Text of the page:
Manufacturers are expecting a long summer as businesses that make everything from ice cream to crayons fret over potential production slowdowns stemming from the nuclear-free nation’s loss of generation capacity.
A hot summer would usually be welcome news for Ezaki Glico, a major snack and ice cream maker. But looming power shortages could leave it unable to meet demand.
“If the temperature goes up very high this summer, and if the government asks us to cut electricity consumption a lot, our ice cream business will be seriously affected,” an Ezaki Glico spokesman said.
“We may have to make more ice cream before” the power shortages peak, he added.
Two weeks after the last working nuclear reactor was shut down as a result of the Fukushima nuclear crisis, the energy-hungry nation is struggling to figure out how to bridge the gap. While the government has not yet issued a target for industrial power cuts, significant reductions appear certain and could reportedly climb as high as 20 percent in the Kansai region, which includes the commercial hubs of Osaka, Kyoto and Kobe.
The world’s worst nuclear accident in a generation, sparked by a devastating quake and tsunami in March 2011, turned public sentiment against nuclear power, which supplied one-third of the import-dependent nation’s electricity.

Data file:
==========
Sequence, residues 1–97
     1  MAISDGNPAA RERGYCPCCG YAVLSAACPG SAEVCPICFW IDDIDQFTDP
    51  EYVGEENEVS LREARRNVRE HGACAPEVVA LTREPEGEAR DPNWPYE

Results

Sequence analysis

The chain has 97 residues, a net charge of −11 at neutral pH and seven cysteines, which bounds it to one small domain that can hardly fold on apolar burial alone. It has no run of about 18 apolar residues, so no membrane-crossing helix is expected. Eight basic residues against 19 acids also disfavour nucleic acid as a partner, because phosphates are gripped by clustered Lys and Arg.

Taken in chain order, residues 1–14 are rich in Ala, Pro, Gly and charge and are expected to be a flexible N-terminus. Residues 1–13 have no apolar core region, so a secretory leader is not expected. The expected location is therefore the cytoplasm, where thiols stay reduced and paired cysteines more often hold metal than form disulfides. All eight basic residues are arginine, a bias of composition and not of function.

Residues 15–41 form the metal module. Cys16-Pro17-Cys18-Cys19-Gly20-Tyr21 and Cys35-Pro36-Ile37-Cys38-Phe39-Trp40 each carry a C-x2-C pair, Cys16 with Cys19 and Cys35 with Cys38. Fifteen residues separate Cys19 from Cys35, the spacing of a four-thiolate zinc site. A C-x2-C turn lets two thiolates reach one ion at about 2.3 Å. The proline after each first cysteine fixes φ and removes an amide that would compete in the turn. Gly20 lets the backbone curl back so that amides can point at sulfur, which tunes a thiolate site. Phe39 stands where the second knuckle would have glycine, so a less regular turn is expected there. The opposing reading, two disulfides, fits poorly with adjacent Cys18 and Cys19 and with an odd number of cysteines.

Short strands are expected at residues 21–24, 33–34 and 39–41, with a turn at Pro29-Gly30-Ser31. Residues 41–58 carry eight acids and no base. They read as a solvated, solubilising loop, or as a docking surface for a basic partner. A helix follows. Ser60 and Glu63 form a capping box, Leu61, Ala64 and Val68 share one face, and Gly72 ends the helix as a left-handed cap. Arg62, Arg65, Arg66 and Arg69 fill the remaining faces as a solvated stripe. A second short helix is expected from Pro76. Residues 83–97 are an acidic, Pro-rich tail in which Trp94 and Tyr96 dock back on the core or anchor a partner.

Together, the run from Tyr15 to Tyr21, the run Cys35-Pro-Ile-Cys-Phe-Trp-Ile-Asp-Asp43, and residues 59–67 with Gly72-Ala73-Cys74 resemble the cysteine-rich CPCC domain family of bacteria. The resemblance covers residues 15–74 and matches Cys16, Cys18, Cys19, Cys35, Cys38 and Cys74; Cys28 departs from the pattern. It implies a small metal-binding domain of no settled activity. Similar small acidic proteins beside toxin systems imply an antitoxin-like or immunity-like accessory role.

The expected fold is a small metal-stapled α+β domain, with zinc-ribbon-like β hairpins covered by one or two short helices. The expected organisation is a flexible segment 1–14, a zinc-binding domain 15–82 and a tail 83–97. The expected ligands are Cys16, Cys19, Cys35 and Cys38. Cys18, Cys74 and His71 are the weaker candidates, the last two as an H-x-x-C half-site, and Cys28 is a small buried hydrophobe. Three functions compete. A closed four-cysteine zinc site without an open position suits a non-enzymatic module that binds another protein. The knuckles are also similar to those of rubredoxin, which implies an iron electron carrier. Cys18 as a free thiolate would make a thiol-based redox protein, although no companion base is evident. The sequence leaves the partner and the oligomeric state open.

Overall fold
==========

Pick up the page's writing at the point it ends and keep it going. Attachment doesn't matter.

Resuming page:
That has stoked a search for expensive alternatives, with utility Kansai Electric last month booking a $3 billion annual loss from reviving its mothballed thermal power plants, which burn fossil fuels.
To be fired up again, nuclear power stations must now pass computerized stress tests and gain consent from their host communities. And it is this last hurdle that is proving hardest to overcome.
Energy shortage fears are rippling across the nation, with Hiromasa Yonekura, chairman of the Japan Business Federation, repeatedly warning that the economy “would collapse” if none of the 50 viable reactors is restarted.
With the government reportedly set to seek a 20 percent reduction in power consumption in Kansai, some firms are worried.
When offices and factories in the region slashed power use by about 15 percent last summer, it proved barely doable for many, including Osaka-based crayon maker Sakura Color Products.
“We had a bare minimum of lights on while turning off about half of the computers and elevators at our offices,” a spokesman said.
This year, the crayon producer is eyeing a variety of coping measures, including moving some production to China.
“We are considering producing more in advance or even shifting part of the production to our plant in Shanghai and importing back from there,” the spokesman said. “Otherwise, we won’t be able to cut as much as 20 percent of our power use.”
Utilities in Hokkaido and Kyushu also fear they will struggle to provide enough power to keep the lights on as air conditioning gets cranked up during what may be a sweltering summer. The government is considering asking those regions to cut electricity use by about 10 percent, newspaper reports said.
Satoshi Osanai, economist at Daiwa Institute of Research, said domestic manufacturers who barely coped with the power crunch last summer may be in for an even tougher time as the mercury climbs over the next couple of months.